{[ promptMessage ]}

Bookmark it

{[ promptMessage ]}

17 Jameson - fredric jameson FUTURE CITY he P roject on the...

Info iconThis preview shows pages 1–3. Sign up to view the full content.

View Full Document Right Arrow Icon
new left review 21 may june 2003 65 fredric jameson FUTURE CITY T he Project on the City assembles research from an ongoing graduate seminar directed by Rem Koolhaas at the Harvard School of Design; its first two volumes—the Great Leap Forward , an exploration of the development of the Pearl River Delta between Hong Kong and Macao, and the Guide to Shopping —have just appeared in sumptuous editions, from Taschen. 1 These extraordinary volumes are utterly unlike anything else one can find in the print media; neither picture books nor illustrated text, they are in movement, like a cd rom , and their statistics are visually beauti- ful, their images legible to a degree. Although architecture is one of the few remaining arts in which the great auteurs still exist—and although Koolhaas is certainly one of those—the seminar which has produced its first results in these two volumes is not dedicated to architecture but rather to the exploration of the city today, in all its untheorized difference from the classical urban struc- ture that existed at least up until World War II. Modern architecture has been bound up with questions of urbanism since its eighteenth and nineteenth century beginnings: Siegfried Giedion’s modernist summa, Space, Time and Architecture , for example, begins with the Baroque restructuration of Rome by Sixtus V and ends with the Rockefeller Centre and Robert Moses’s parkways, even though it is essentially a celebration of Le Corbusier. And obviously Le Corbusier was both an architect and, with the Radiant Cities, Chandigarh and the plan for Algiers, an ‘urban planner’. But although the Project testifies to Koolhaas’s commitment to the question of the city, he is not an urbanist in any disciplinary sense; nor can the word be used to describe these books, which also escape other disciplinary categories (such as sociology or economics) but might be said to be closest to cultural studies.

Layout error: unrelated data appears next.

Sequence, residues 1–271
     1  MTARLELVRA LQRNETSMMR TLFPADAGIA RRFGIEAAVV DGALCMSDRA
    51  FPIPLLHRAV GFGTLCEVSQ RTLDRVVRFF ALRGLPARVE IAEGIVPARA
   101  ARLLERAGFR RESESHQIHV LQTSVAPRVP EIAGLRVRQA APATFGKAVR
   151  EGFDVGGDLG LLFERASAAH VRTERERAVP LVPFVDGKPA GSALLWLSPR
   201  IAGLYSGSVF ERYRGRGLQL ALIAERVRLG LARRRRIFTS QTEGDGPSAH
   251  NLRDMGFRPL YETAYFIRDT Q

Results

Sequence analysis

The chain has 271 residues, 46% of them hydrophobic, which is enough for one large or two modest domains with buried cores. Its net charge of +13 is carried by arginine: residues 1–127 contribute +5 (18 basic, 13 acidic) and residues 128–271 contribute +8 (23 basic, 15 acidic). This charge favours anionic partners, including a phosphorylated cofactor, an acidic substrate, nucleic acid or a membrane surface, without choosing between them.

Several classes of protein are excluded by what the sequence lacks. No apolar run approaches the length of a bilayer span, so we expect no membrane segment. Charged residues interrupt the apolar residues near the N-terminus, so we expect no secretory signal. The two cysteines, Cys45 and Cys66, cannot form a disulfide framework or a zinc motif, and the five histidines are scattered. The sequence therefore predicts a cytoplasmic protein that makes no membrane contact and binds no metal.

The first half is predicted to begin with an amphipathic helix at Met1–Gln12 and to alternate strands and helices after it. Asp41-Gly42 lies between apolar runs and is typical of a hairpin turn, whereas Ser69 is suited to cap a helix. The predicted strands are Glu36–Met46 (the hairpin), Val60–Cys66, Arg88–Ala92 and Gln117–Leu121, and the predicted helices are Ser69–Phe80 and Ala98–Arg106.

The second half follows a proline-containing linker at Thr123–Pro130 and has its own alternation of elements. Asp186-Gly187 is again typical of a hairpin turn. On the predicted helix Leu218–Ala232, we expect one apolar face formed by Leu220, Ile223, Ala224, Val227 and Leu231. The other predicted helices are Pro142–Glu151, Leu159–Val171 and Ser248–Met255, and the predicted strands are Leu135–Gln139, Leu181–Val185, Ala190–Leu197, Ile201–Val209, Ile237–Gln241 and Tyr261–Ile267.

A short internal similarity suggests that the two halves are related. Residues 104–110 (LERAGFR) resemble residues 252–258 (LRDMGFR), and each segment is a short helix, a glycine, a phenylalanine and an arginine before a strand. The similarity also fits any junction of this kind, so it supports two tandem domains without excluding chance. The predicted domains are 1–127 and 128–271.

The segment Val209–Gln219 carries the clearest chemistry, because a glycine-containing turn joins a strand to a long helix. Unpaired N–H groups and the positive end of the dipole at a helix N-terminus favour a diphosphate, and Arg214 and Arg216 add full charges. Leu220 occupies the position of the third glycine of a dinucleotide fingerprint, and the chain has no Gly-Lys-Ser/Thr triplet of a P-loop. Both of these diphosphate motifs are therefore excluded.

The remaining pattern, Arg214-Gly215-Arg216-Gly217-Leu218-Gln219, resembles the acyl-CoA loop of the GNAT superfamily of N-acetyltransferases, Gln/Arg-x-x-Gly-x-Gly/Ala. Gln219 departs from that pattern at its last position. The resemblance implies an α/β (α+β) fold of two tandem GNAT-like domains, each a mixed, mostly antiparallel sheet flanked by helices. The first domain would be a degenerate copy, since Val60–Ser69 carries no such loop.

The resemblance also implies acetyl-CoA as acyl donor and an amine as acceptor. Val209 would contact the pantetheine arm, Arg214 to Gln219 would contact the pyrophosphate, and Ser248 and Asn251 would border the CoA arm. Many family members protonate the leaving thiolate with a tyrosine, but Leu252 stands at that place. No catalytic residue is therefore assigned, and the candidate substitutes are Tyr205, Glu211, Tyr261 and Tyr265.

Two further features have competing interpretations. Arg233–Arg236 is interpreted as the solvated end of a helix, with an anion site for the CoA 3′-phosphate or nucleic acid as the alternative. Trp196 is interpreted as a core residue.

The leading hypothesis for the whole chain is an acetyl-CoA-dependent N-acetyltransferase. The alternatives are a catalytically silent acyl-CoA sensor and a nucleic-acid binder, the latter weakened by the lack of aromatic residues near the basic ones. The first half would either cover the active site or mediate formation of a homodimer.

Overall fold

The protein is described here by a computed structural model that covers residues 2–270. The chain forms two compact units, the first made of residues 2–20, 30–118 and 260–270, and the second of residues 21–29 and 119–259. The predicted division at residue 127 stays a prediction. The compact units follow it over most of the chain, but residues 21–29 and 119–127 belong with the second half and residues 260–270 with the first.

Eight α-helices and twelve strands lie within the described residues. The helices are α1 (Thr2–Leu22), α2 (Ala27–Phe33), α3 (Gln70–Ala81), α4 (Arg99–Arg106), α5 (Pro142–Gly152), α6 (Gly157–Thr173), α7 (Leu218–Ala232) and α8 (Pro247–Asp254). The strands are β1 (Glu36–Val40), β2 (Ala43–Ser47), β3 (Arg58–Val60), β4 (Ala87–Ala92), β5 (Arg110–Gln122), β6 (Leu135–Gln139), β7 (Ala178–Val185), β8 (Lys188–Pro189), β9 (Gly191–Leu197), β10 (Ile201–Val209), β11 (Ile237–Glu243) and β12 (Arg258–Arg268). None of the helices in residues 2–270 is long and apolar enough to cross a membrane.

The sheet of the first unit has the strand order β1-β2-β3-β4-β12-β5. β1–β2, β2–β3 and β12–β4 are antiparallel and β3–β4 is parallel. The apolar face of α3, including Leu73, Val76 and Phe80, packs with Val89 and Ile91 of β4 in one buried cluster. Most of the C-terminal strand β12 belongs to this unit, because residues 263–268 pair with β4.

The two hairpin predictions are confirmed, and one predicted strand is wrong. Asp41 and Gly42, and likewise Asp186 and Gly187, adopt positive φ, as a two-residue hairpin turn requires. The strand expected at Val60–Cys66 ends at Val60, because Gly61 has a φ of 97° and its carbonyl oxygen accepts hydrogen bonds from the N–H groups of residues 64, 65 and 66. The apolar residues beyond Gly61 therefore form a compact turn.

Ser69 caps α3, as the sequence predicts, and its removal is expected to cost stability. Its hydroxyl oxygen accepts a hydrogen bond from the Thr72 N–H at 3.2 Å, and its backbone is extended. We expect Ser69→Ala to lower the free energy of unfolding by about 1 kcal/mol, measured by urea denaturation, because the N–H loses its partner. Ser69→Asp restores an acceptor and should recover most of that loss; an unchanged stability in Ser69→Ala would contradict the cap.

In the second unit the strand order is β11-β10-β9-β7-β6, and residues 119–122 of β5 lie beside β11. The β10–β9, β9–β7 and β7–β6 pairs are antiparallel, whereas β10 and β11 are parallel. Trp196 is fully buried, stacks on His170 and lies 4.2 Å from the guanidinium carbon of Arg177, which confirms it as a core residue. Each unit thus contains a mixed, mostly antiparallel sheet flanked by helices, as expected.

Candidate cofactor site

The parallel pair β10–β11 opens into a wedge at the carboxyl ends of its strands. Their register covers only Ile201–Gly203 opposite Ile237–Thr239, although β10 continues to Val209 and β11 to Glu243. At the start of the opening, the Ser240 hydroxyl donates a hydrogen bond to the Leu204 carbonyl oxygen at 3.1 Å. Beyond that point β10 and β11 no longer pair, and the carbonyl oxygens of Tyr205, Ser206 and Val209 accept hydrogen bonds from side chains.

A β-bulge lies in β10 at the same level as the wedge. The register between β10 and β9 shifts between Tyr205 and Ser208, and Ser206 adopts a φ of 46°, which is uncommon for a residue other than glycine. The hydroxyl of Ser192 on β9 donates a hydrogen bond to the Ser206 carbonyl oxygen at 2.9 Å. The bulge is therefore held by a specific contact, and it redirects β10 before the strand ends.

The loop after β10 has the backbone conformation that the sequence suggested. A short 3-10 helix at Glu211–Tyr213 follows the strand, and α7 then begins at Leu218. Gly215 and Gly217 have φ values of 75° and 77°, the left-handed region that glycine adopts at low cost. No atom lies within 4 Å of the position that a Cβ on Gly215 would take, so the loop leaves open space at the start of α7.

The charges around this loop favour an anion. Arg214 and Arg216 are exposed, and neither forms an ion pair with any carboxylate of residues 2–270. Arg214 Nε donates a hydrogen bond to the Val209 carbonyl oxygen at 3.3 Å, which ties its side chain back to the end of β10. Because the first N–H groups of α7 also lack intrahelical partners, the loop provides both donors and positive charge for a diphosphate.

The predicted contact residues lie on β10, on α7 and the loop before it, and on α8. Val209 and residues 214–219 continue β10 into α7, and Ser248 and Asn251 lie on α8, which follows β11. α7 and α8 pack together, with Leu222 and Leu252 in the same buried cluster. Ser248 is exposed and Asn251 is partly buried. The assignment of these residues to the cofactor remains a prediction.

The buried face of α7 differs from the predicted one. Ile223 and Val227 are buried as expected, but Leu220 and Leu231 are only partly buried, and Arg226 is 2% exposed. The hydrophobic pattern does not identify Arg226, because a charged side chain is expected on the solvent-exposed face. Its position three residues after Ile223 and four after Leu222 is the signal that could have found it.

Background image of page 1

Info iconThis preview has intentionally blurred sections. Sign up to view the full version.

View Full Document Right Arrow Icon
66 nlr 21 The fact is that traditional, or perhaps we might better say modernist, urbanism is at a dead end. Discussions about American traffic patterns or zoning—even political debates about homelessness and gentrifica- tion, or real-estate tax policy—pale into insignificance when we consider the immense expansion of what used to be called cities in the Third World: ‘in 2025,’ we are told in another Koolhaas collective volume, ‘the number of city-dwellers could reach 5 billion individuals . . . of the 33 megalopolises predicted in 2015, 27 will be located in the least developed countries, including 19 in Asia . . . Tokyo will be the only rich city to figure in the list of the 10 largest cities’. 2 Nor is this a problem to be solved, but rather a new reality to explore: which is, I take it, the mission of the Project on the City , two further volumes of which are so far projected: one on Lagos, Nigeria, and one on the classical Roman city as prototype.
Background image of page 2
Image of page 3
This is the end of the preview. Sign up to access the rest of the document.

{[ snackBarMessage ]}